Mustard, Ketchup, Mayo, Soy Sauce, Sriracha, Worcestershire Sauce, Barbecue sauce, and so on, are all perfect for taking things to the next level. Out of many of these, you can make great salad dressings, dips or use them as an addition to give more flavor to homemade sauces or flavor meat alternatives (like tofu, textured vegetable protein, seitan, etc).
Watch out for added sugars and animal products like milk powder or eggs when buying condiments. I prefer condiments without added sugar (or low in sugar). One of my favorite brands for no sugar ketchup and other condiments is TrueMadeFoods! However, there are many brands out there. Keep experimenting to find your favorites. Or start making your condiments at home! I love making my oil-free mayonnaise from time to time. Which is also great as a salad dressing and comes with extra protein.
18. Apple Cider Vinegar
There have been some crazy claims about apple cider vinegar made (weight loss, slowing the aging process, improving blood sugar control, and so on). And yes, this sweet vinegar may come with a lot of health benefits when consumed in moderation. However, one food alone won't cure it all! Do not drink apple cider vinegar straight, as it can burn your esophagus, or in excess.
The awesome thing about it is that you can use ACV outside of the kitchen as well. Use to rinse your hair after washing it, or as an all-purpose non-chemical cleaner!
I mostly use it for salad dressings, to add to sauces; or to give soups, stews , or dips a nice fruity, sour hint. You can make vegan buttermilk with it, by adding it to plant milk and letting it sit for a while! Apple Cider Vinegar is also a staple for vegan bakers since it is a popular flavor and texture enhancer. It often supports substituting eggs (1 teaspoon ACV + 1 teaspoon baking soda). It can also add extra flavor to homemade candy and caramels.
19. Vegetable Oils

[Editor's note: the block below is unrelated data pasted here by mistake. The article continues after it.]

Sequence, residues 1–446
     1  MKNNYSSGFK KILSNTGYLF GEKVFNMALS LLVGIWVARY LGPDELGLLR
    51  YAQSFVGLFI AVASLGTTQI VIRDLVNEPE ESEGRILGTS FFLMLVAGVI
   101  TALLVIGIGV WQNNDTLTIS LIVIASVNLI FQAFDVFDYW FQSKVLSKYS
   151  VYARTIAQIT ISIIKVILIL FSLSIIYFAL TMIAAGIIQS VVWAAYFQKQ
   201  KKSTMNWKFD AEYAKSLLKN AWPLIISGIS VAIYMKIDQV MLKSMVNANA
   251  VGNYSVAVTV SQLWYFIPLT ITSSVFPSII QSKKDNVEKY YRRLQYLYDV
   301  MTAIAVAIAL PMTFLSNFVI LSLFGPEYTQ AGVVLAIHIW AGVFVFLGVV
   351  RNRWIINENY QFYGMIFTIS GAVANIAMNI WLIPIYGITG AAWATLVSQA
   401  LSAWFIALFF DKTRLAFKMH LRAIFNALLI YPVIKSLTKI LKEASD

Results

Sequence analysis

Having a small selection of vegetable oils (and vinegar) is often crucial to a vegan chef. Using oils in your cooking and baking can give your food incredible flavor and texture! However, vegetable oils are no health foods and I overall recommend trimming use to a minimum (don't use oil daily)!
Oils that I liked to have on hand in my kitchen: Olive Oil (extra virgin) for its rich flavor and heat tolerance, unrefined Avocado Oil for its flavors, and since it seems to be the "healthiest" option out there, Sesame Oil for its flavor and mainly for Asian styled meals; and Vegetable/Canola Oil for its neutral flavor.
I also have some Coconut Oil on hand, but even though it's considered a "healthy oil" in many minds I use it very rarely. It's a delicious and great addition for vegan and gluten free baking, but very high in saturated fats, showing a significant rise in cholesterol levels within hours of consumption in your blood (learn more about why too much cholesterol is bad here).
Overall science does not hold the notion that coconut oil is healthy, if anything it shows coconut oil may be worse than saturated fats from animal products (source).
20. Flour & Starches
Having flour and starches in your pantry is especially important when you are a plant-based baker!
I always have a variety of different flours in my kitchen on hand: unbleached all-purpose flour for traditional baking; spelt, rye, and whole wheat flour as the healthier alternative and for bread baking; chickpea, coconut, and oat flour for healthy foods, treats, and gluten free baking. I usually make my oat flour by grinding old-fashioned oats in my food processor. For fine oat flour, I sift it before using it.
Starches are often used in vegan baking to substitute eggs, act as a binding agent, or give volume, strength, and texture to your baked goods. They can also help thicken sauces, stews or pie fillings, and fruit compotes. My favorite starches to use are Tapioca because it's a healthier starch choice; Potato starch, because it can do wonders in vegan baking; and Cornstarch, because it's available in any store very affordable. (All of these should be consumed in moderation of course. However for cooking and baking you usually just need 1-2 teaspoons anyways.)
If you're not into baking this may seem like a lot to have on hand. Just buy the flour and/or starch you like and need. Only keep it in bulk if you are using it regularly.